In vast territory of the European North among Russian and Finno-Ugric population the Yule mumming play "killing of bull" was widespread. The base of theatrilized performance was the notion of ritual sacrifice and fertility cult. The mummer generally old man in Karelian tradition and youth or young man among Russians fastened to his head a pot, threw on turned inside out skin or caftan, put on felt boots, woollen mittens and socks. Lads and men pulled the "bull" on the rope across the entire village and he resited and roared frightfully. This scene provoked genuine fear among women and children who observed the performance aside. The "bull" was pulled to certain house and then "killed" - broke the pot on his head and unfold furcoat. After that feast with drinking beer and home-made brew and accordion playing started in house.
The costume of "bear" – the character of Malanka, mummers' parade. Romanians. Ukraine. The District of Chernovets. 2015 г.
The costume was made by Vasily Isopel for his three-year-old son who particpated in the festival Malanka in 2016. Similar costumes but of bigger size are made for adult particpants of festival.
The "bear" is the most colorful character of Malanka annual mummurs' parade which is held on in the night from January 13 to 14 on the eve of the old New Year. The name Malanka is linked with the Saint Melania whose feast falls on January 13.
The "gypsy" leads the "bear" on the rope and the mummer is dancing, roaring and resisting. The sense of performance is taming of "bear".In Krasnoil'sk Malanka is held on in five districts (kuts) simultaneously. Groups of mummers compete with each other by diversity of characters, showmanship and expressiveness of performance which is especially manifested in costumes of "bears". In the Districts of Dyal and Trazhany they are made like big straw overalls. Making of such costume requires about 150–200 kilograms of straw; straw bunches are fingered, crumpled and twisted in long "thread". Costume in made directly on the person who will wear it; legs and torso are wrapped with straw thread joining ends with rope. Costume is decorated with artificial flowers, the New Year flippery, fir branches, sometimes electric garlands. In many respects the "bear" dance is determined by heaviness of costume; he moves slowly raising his legs with difficulty in turn and swinging his "shoulders", whirls and whengetting tired rests periodically sitting or reclining.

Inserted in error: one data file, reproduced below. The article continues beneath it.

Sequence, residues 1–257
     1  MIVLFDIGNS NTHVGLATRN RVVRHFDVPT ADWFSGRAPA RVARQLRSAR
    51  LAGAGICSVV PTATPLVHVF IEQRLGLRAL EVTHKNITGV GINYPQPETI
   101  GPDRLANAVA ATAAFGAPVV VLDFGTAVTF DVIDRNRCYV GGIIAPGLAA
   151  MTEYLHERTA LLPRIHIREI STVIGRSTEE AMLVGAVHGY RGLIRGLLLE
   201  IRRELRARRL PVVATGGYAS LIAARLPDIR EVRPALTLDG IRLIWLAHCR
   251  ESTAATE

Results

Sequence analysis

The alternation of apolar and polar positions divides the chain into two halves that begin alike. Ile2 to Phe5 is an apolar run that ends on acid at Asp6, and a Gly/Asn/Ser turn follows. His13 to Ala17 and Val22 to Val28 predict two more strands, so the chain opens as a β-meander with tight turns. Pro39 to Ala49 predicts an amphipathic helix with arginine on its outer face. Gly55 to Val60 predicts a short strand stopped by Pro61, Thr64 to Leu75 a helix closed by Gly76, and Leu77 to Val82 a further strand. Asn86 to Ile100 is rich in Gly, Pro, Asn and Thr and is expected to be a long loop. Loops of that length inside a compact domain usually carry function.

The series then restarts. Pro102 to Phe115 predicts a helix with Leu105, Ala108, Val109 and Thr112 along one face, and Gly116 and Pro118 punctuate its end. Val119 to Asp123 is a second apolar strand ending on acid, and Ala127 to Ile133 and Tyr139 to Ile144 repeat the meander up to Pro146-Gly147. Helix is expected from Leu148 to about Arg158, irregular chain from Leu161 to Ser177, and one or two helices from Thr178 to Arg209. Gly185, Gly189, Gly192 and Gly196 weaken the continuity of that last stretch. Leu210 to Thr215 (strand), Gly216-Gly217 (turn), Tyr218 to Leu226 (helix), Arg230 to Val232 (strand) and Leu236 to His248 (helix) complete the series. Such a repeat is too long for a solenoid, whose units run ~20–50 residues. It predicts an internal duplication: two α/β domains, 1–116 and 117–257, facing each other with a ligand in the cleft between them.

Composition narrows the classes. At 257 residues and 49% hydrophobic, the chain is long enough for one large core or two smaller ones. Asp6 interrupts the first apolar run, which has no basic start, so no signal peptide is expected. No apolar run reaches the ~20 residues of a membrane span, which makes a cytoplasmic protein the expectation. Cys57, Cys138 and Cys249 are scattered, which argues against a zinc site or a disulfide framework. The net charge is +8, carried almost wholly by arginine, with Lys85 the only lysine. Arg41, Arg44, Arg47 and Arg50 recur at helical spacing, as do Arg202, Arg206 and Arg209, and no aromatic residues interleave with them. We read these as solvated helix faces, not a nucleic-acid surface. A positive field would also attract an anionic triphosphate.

Zoomorphic characters of Caucasian peoples
Animals played important role in various rites among the peoples of the Caucasus. Their horns and skulls were fastened on fence poles or house door to scary away evil spirits.
Particular significance in ritual life had goat which cult was associated with agriculture. In theatreilized performances during calendar festivals and weddings death and resurrection of the fertility god was presented. In course of time this character was changed by a man in “goat” mask or doll. The masks of black or brown felt were usually made by girls of young women exclusively for every solemnity.
The Caucasian wedding long and crowdie was filled with humor and festive spirit. During its celebration various theatrelized scenes were performed. One of personages was the mummer in felt mask of “goat”. He jumped and butted, chased children and women, accosted passers-by with jokes and requirement of ransom. The mummer “goat” could joke on every participant of wedding, even the master of ceremonies. According to people’s beliefs, he not only cheered up the party guests but also scared evil spirits.
Among the peoples of North-Western Caucasus every undertaking (haymaking, livestock pasturing, kidling, start of ploughing, etc.) was accompanied by great festivities and merriment. For instance, among the Karachays mumming was linked with the start of haymaking. Sacrifices and prayers were performed before beginning of works. The old man mummer who was in every group of haymakers should have particular qualities such as force, wittiness, sense of humor and actor talents. The goat-bearded mummer could mock laziness, poor handling of working tool and incapacity for labor.